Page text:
The Australian Youth Climate Coalition

5 Stories That World Leaders Should Listen To

5 Stories That World Leaders Should Listen To

The latest AYCC news and media from all across Australia

5 Stories That World Leaders Should Listen To

Hello! This is your team Paul, Rachel, Maddie, Jaden and Moira who were in Paris during the UN Climate Talks earlier this month! We would like to share the stories of 5 people we met there, who are living through the worst impacts of climate change and ask that their voices are heard. 

Ngane Ngom - Senegal

"My country, Senegal, is the front door of western Africa. Its opening in the Atlantic Coast explains a little its vulnerability in the face of natural disasters like sea level rise, drought and floods which are having huge impact on education and access to food. Families are displaced and are forced to crowd  together in temporary accommodation, where malaria and other diseases spread. We are losing our crops, and farming is becoming harder and harder. Young people have nothing to do and choose migration to Europe . Northern countries, who are responsible for these changes, need to finance adaptation for those on the frontline who have not caused climate change.

We Southern countries are the victims of climate change and Northern countries have to pay for all the damages caused."


Saiba Suso - Gambia  

"It’s sad that we have to pay with our properties and our lives for something we didn’t cause. There are 1.8 million people in Gambia. We don’t have factories and we don’t create emissions, but we pay for your emissions with our lives.

We are seeing more disease, malnutrition and hunger, and we don’t have the luxury of being able to access medical services. Our entire survival is based on a few hectares of land, and because of the changing climate our crops are no longer successful. I have lost many friends who have been forced to migrate to Europe, but have died along the way.

Our message for countries that have caused climate change is this: if you break something, you need to pay for it. We are getting poorer and poorer, while the rich countries are getting richer every day."






Wadzanai Muzongo - Zimbabwe

"My community’s primary source of livelihood is farming. In 2013, floods came and  washed away our crops. Hundreds of people were forced to migrate to the less affected area within the same community, in which there were only two water sources to serve about 7500 people. This resulted in the spread of  diseases. We are also experiencing an excessive heat wave. This is causing severe impacts especially on women in our community, who are forced  to walk many kilometers every day to collect water. Young women are now being  forced into early marriage because their families can't provide food for them, and end up exchanging them for marriage to get maize.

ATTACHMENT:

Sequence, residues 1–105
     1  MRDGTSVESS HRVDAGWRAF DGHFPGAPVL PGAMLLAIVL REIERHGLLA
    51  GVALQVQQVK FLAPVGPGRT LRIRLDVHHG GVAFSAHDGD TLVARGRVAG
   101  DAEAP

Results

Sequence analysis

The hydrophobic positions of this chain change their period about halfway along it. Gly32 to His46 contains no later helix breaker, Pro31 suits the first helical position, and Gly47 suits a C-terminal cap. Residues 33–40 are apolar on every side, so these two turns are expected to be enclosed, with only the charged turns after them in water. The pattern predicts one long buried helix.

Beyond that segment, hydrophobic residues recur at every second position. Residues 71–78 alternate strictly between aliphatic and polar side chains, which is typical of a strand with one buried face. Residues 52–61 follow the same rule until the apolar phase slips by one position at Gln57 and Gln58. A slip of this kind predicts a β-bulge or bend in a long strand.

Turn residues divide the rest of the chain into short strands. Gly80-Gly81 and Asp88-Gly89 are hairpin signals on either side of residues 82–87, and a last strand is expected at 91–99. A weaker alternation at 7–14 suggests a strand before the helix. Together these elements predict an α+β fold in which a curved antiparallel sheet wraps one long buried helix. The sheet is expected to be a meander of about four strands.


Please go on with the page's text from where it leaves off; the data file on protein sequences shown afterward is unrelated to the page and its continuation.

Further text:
Climate change affects everyone, but it doesn't affect everyone equally. We need climate finance. We need adaptation plans. We don't want a plan B from the world leaders, because there is no planet B."



Adekunle Akinola - Nigeria 

"Nigeria is the most populous country in Africa. My parents didn’t go to school. Their livelihood is agriculture. A flood washed away our crops and there was lots of hunger. Children had no money for school, and couldn’t even access transport, food, or markets. Without agriculture we cannot survive.

This is all because of industrialised countries, who are also the ones with the resources to adapt. Climate change is not about Nigeria, it is about humanity. We are not asking for much, and we are not begging for help or asking for aid. We are asking that those who are responsible, pay to fix what they have caused. Together we can change the world."




Rafaela Barges - Brazil

"This is my reality: climate change has directly affected me. These days, we don’t have enough rain to survive. Workers start to lose crops, animals start to die and there is no water to shower or drink. There is not enough money to fix the problems we are having. Imagine that you are me. You see your uncle, brother and family with no water, no food, and you have no way to help them.

I am organising young people here in my community and acting as a political voice, but it’s not enough. Our system, the capitalist system, doesn’t think of the small farmer. When our agricultures suffers from climate change, young people, unable to make food, need to migrate to the cities. There they die in drug wars and it destroys their family. It is not their fault- without the changing climate they would not leave their homes.

We are not asking for you to give us something, but to think of the solutions. We just want you to pay for everything that you cause."





Watch Rafaela's story here  

As young people in Australia, we need to stand in solidarity with young people around the world who are the most impacted by climate change. We need to call for emissions reductions that will keep us below 1.5 degrees of warming, a transition from fossil fuels to renewables, and finance to be provided to those already impacted by climate change so that they are able to survive.

 These young people are all part of an incredible orginisation called Activista, which you can like on Facebook, and visit their website!

If you'd like to volunteer with AYCC to help create a safe climate future, sign up here!

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